The third and concluding recital in the inaugural season of the summer chamber music series “Overtones” was held in Bösendorfer Hall at Ruggero Piano at 3:00 p.m. on July 20 before an audience that didn’t quite fill half of the 120-seat room. It featured the chamber group Mélange, composed of pianist John Ruggero, his sister clarinetist Linda Julian, and her husband, bassoonist Jonathan Julian (The couple is based in Winston-Salem). On the first half they played Beethoven’s clarinet Trio, Op. 38, arranged by the composer in 1805 from his Septet for violin, viola, cello, bass, horn, clarinet, and bassoon, Op. 20, composed in 1800. The bassoon substituted for the cello in this performance.

The work is in six movements rather than the customary four, very much in the classical mode, a kind of heir to the serenade that was originally intended for performance out of doors. The original version would probably have been a bit loud in this fairly live hall, but the trio’s volume level and balance were just fine. The clarinet stood out slightly as it should, and the bassoon gave the support that the listener often didn’t realize was there. In spite of the lid being fully open, the piano did not dominate or drown out the winds. The second movement, Andante cantabile, was especially lovely, and the fourth, Andante con Variazioni was also very nice. The concluding Presto moved right along at a clip. The entire performance was smooth, the blend of the two wind instruments giving a creamy texture to the sound. It was a delightful performance.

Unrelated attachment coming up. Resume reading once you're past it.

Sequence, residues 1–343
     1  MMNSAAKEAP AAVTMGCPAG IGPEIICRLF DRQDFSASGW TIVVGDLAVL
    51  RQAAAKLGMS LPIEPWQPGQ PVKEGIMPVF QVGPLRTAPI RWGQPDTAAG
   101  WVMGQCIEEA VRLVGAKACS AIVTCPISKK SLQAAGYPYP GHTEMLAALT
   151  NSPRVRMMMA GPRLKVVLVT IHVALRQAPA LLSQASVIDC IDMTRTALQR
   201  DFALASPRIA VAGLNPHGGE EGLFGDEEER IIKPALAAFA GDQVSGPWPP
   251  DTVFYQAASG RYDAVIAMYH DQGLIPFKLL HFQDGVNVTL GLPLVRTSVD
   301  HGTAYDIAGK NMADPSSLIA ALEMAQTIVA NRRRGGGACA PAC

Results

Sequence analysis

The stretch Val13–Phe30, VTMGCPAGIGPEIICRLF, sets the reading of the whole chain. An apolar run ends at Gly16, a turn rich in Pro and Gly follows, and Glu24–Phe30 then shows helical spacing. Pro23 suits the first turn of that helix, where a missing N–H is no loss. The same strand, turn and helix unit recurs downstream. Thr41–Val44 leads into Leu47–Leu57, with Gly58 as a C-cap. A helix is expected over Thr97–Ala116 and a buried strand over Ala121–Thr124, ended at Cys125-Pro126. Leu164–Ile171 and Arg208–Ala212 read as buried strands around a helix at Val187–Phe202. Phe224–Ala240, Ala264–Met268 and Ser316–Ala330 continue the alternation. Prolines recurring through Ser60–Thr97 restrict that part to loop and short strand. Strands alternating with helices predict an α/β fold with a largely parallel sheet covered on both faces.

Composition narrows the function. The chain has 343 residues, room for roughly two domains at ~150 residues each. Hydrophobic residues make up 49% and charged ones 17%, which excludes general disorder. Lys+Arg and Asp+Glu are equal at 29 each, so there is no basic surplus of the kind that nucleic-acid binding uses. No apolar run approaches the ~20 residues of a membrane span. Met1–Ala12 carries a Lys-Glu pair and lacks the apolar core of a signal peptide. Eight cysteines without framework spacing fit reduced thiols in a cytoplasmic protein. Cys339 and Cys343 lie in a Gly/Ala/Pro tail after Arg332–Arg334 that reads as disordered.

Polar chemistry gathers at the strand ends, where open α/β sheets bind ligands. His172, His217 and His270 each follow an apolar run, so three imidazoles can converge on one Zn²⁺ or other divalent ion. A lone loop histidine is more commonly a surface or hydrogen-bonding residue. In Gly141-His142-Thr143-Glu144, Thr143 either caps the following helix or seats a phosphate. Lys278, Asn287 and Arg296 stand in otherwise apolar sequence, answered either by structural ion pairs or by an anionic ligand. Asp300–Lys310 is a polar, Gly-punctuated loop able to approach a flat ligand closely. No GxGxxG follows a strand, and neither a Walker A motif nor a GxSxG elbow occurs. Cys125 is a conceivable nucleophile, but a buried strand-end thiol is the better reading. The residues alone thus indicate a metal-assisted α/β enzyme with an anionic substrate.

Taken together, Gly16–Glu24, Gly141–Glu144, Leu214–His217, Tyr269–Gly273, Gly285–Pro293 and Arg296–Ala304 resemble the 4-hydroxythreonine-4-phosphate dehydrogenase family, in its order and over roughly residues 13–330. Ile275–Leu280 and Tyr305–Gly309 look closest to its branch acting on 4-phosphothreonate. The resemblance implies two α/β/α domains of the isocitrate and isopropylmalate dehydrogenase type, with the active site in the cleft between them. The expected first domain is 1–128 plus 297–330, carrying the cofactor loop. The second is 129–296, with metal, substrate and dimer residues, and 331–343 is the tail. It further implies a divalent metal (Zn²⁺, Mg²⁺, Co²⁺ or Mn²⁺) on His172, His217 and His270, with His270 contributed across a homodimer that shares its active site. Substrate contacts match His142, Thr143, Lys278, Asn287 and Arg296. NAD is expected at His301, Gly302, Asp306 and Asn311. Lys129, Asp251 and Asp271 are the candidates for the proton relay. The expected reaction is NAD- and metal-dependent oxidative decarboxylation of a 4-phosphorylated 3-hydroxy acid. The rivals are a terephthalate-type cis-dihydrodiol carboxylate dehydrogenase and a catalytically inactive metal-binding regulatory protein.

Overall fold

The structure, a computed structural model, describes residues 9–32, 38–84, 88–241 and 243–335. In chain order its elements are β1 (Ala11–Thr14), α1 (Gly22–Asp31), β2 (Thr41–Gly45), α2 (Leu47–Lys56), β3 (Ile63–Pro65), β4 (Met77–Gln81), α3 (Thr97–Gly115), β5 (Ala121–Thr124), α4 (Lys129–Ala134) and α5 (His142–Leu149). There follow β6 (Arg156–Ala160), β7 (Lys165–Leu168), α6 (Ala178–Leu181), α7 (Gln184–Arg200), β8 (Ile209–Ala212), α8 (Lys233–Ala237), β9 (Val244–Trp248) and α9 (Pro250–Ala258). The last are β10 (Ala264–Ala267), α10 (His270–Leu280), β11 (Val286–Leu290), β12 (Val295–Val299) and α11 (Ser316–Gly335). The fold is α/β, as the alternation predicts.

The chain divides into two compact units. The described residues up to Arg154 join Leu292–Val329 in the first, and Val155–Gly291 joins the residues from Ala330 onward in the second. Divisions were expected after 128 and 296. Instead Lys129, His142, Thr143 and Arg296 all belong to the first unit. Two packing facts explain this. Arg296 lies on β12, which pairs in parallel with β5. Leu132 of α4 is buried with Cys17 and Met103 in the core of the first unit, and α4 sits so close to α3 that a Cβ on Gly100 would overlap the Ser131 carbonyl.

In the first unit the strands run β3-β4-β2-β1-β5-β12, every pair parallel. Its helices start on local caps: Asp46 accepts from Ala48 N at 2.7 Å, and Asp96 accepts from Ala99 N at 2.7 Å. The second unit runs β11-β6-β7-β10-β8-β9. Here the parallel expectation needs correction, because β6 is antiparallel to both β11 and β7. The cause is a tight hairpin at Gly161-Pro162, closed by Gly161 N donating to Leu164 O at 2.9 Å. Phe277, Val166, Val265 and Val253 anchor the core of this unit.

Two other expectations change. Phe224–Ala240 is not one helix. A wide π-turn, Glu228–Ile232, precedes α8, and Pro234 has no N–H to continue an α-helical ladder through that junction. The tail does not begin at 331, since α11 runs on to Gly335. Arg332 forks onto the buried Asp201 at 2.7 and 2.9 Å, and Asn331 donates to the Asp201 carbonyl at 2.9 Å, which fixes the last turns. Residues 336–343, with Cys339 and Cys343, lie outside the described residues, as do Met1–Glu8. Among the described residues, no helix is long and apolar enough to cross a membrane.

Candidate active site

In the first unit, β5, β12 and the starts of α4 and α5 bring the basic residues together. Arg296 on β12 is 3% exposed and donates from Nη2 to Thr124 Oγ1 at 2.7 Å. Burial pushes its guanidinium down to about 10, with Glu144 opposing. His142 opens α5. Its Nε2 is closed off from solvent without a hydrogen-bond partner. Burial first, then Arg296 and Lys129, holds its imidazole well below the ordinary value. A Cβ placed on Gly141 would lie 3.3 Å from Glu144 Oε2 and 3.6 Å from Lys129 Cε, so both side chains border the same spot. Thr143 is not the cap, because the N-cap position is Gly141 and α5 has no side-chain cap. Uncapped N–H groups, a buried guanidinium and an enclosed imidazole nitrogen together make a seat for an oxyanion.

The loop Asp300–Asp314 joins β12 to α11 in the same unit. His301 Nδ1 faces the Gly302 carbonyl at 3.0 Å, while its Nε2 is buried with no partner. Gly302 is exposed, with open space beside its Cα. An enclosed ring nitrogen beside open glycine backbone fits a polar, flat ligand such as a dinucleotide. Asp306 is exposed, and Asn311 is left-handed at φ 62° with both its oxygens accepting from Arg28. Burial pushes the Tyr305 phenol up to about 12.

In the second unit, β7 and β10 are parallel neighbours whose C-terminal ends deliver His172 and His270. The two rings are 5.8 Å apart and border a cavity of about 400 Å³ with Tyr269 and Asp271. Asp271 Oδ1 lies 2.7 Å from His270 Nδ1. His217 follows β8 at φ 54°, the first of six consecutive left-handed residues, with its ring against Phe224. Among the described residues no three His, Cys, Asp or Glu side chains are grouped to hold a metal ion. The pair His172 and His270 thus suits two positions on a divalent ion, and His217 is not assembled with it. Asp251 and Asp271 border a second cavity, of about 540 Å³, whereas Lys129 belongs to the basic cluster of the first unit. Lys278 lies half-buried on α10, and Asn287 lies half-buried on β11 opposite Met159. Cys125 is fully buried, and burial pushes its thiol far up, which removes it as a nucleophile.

Cellist Jonathan Kramer replaced Jonathan Julian after intermission for a performance of Viennese composer Alexander Zemlinsky’s all-too-rarely played clarinet Trio, Op. 3, dating from 1896, the other end of the same century. Zemlinsky is among the composers whose music was suppressed by the Nazis, and who fled them, coming to the USA in 1938 and dying in Larchmont, NY, in 1942. His musical style varied a great deal over the course of his life, but this earlier work is very much in the late-Romantic mode, and it is indeed the works in that style which are most remembered today.

The work is in three movements. The second, Andante, is especially nice, with a hauntingly lovely opening and recurring melody, and the third, Allegro, shows some Klezmer influences. The balance between the instruments here was good, although the piano was occasionally a bit too dominant. It was a joy to hear this fine work and to hear it so well played. It also made for an interesting pairing and contrast with the opening work, both in its style and in its texture, which is a good blend, but less of a purée due to the presence of the stringed instrument.

Programming for the series is done by John Ruggero, who also writes the fine program notes. This recital could also have been said to have a Viennese connection, since the piano is of Viennese manufacture, and both works were written there. Beethoven was born in Germany, but he emigrated to Vienna in 1794 and all of his music was composed there. It was a rich and richly rewarding afternoon.

The audience was enthusiastic in its applause, and was rewarded with two encores. Jonathan Kramer announced that, after the last Overtones concert, he did indeed make it to Boone – with two minutes to spare before the downbeat of Beethoven’s Leonore Overture – so he offered, with Ruggero at the keyboard, the encore he had not been able to play then: Rachmaninov’s romantic and melodic Vocalise. Mélange followed offering a movement from Mendelssohn’s delightful and light Konzertstück No. 1, Op. 113, for clarinet, basset horn (here bassoon), and piano.